College costs are rising. Students at four-year colleges and universities spend $9,000-$32,000 per year in tuition and fees, plus several thousand more on room and board, according to the National Center for Education Statistics.
Many students turn to loans to pay for college. Graduates in the class of 2018 owed, on average, $29,200 in student loan debt. However, you do not need to take out costly student loans to pay for tuition. Instead, you can pay for college with scholarships and grants.
Scholarships fund students at all levels and every major, yet many students pass up on free money. In 2018, college students missed out on $2.6 billion in free money simply by not completing the FAFSA.
Our scholarship guide explains common financial aid terms, how to find scholarships, and how to organize your scholarship list. This guide also offers tips for standing out on scholarship applications, essays, and interviews.
Financial Aid Terms and Definitions
Financial aid comes in many different forms. This section covers the most common financial aid terms so you can decide the best form of financial aid for your situation.
Students who borrow loans to pay for school must pay back the loans -- with interest -- after graduation. Loans come in several different forms. The federal financial aid program, for example, awards subsidized Stafford loans, unsubsidized Stafford loans, and PLUS loans. Students can also take out private loans.
Federal loans offer several benefits over private loans, including lower interest rates, income-based repayment plans, and interest deferments. However, most students should prioritize looking for scholarships and grants before taking out loans.
Grants provide free money for students, typically with no repayment requirement. The federal government, colleges, state governments, and private organizations offer grants. For example, the federal Pell Grant program supports undergraduates with exceptional financial need.
Unlike most scholarships, many grants require proof of financial need. Some grants may carry stipulations, such as meeting work requirements after graduation. If recipients do not meet those terms, they must repay the grant as a loan.
Many students pay for college with scholarships, which gift money to students with no repayment obligations. Scholarships may be merit-based or need-based and sponsored by a school or external organization. Some scholarships let recipients renew the award for multiple years.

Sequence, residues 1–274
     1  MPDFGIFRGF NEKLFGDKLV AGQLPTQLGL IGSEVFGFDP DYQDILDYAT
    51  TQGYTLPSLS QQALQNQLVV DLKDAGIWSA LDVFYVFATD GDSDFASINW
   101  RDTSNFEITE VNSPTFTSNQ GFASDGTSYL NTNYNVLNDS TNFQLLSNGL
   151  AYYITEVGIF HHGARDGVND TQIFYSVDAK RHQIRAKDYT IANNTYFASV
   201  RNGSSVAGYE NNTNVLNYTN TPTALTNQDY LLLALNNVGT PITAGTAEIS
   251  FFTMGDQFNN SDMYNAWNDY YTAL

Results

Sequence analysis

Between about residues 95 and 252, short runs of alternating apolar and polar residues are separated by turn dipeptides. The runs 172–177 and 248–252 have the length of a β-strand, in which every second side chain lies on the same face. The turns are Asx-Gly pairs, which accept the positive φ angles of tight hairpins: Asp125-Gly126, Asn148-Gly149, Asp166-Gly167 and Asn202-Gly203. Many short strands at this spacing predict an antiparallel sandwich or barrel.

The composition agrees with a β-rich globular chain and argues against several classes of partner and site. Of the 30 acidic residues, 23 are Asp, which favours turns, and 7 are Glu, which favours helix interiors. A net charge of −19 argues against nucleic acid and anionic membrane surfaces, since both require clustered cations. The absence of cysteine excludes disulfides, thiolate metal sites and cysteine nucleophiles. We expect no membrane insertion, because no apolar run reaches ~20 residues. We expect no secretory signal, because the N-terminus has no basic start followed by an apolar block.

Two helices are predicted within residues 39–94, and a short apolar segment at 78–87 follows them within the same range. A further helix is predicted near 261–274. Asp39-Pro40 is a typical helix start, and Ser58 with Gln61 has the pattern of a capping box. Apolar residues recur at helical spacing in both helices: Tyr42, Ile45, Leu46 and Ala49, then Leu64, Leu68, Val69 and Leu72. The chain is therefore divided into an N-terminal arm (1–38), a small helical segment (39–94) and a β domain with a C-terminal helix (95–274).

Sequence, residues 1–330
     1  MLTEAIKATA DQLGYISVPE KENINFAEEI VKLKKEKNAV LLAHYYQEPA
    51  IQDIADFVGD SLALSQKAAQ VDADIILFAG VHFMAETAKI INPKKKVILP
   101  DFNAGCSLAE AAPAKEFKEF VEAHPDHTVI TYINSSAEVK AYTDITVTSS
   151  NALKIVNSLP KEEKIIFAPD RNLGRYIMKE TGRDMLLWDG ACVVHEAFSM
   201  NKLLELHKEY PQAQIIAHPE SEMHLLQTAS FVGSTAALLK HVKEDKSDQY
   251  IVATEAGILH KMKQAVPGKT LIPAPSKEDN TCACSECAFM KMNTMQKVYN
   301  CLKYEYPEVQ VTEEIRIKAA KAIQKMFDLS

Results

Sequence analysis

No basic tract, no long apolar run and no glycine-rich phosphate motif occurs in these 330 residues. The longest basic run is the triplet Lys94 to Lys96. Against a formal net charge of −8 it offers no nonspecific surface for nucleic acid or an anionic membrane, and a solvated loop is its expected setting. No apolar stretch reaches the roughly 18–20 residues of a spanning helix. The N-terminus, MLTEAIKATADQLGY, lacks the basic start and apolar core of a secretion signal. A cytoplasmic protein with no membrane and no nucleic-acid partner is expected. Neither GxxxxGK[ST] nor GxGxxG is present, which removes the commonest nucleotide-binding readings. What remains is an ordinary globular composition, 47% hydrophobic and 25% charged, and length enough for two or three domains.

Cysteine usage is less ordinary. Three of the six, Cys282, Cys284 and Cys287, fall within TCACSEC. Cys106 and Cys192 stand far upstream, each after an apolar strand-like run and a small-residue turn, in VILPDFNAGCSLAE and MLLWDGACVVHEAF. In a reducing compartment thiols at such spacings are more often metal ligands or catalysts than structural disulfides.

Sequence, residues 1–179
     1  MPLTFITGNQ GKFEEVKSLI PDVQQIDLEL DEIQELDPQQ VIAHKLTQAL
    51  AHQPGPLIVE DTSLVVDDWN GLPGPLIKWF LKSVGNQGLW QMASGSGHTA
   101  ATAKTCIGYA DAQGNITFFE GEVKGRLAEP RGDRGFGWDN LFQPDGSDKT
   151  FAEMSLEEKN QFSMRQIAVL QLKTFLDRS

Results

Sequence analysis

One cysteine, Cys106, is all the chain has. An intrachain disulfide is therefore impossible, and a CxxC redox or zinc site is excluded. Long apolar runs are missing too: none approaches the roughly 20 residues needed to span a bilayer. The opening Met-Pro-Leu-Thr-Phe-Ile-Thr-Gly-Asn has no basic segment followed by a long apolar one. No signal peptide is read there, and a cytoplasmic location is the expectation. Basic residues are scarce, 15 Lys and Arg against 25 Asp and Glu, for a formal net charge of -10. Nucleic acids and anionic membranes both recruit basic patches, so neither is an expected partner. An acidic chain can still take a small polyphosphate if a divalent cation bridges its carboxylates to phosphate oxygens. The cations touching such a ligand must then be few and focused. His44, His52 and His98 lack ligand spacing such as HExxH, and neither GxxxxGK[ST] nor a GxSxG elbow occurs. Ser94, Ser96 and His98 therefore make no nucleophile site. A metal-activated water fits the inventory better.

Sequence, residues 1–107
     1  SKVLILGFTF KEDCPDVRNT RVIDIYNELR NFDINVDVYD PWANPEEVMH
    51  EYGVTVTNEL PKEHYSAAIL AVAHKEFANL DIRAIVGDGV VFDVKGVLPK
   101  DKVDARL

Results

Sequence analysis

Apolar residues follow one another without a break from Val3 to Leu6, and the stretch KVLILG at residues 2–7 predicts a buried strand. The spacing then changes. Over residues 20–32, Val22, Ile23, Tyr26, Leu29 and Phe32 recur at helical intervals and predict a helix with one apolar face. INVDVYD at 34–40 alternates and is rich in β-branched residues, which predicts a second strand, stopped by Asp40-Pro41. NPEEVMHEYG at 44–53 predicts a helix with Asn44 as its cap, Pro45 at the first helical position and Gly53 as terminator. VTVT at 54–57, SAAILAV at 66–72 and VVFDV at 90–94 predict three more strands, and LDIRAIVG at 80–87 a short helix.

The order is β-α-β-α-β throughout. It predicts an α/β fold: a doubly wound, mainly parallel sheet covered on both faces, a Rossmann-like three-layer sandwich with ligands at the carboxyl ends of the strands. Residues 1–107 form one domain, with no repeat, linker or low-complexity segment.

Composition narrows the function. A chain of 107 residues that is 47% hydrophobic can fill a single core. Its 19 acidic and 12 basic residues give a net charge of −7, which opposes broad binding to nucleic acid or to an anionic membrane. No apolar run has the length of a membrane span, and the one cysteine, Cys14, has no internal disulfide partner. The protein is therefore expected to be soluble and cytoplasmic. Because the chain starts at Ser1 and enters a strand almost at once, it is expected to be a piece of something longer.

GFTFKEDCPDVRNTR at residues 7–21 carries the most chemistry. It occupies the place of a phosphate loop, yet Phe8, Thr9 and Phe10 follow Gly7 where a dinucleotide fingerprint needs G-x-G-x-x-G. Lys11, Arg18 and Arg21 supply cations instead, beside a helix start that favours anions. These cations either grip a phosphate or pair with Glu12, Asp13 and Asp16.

Many organizations offer scholarships, including colleges, private foundations, employers, professional organizations, and religious groups. Unlike loans, recipients never have to pay back scholarships, making them the best form of financial aid for college.
External scholarships, also called outside scholarships, come from private organizations, including foundations, private donors, professional organizations, and businesses. External scholarships fund students at all kinds of institutions, including online programs, and they carry a variety of eligibility requirements.
Recipients must report external scholarships to their school. These scholarships can affect financial aid eligibility because they decrease the total cost of attending college.
Many colleges offer scholarships based on merit, need, and athletic ability to recruit students. When students apply to a college, schools determine which applicants should receive scholarships. Private universities typically offer more scholarships than public universities. Scholarship funds come out of the school's endowment.
Fellowships and assistantships are another form of school-sponsored financial aid. More common at the graduate level, fellowships and assistantships may include work requirements.
Need-based scholarships consider an applicant's financial need. The eligibility requirements vary depending on the scholarship, which may include a maximum household income or evidence of qualifying for need-based assistance programs. Dependent students may need to include financial information about their parents to receive need-based scholarships.
Private scholarships may ask for a student's FAFSA form to determine financial need. Schools also grant need-based scholarships that consider the student's expected family contribution.
Merit-based scholarships consider factors like a student's academic record, extracurricular activities, and leadership abilities. Some merit-based scholarships set a minimum GPA, and scholarships may also award money to students based on their field of study, future career plans, or prior experience.
Private organizations and schools offer merit-based scholarships to students with records of academic excellence. Merit-based scholarships also require students to submit an essay to qualify for the scholarship.
A renewable scholarship grants recipients award money multiple times. Instead of a single award, students may receive scholarship money every semester or every year while earning their degree.
The requirements to renew a scholarship vary. In general, recipients must show progress toward their degree and continue to meet the scholarship requirements to renew their award. Some renewable scholarships require recipients to reapply every year, while others automatically award multiple years of funding.
Non-renewable scholarships provide a one-time financial award to recipients. These scholarships cover the current year or semester but not future years of school. Most external scholarships operate as non-renewable scholarships.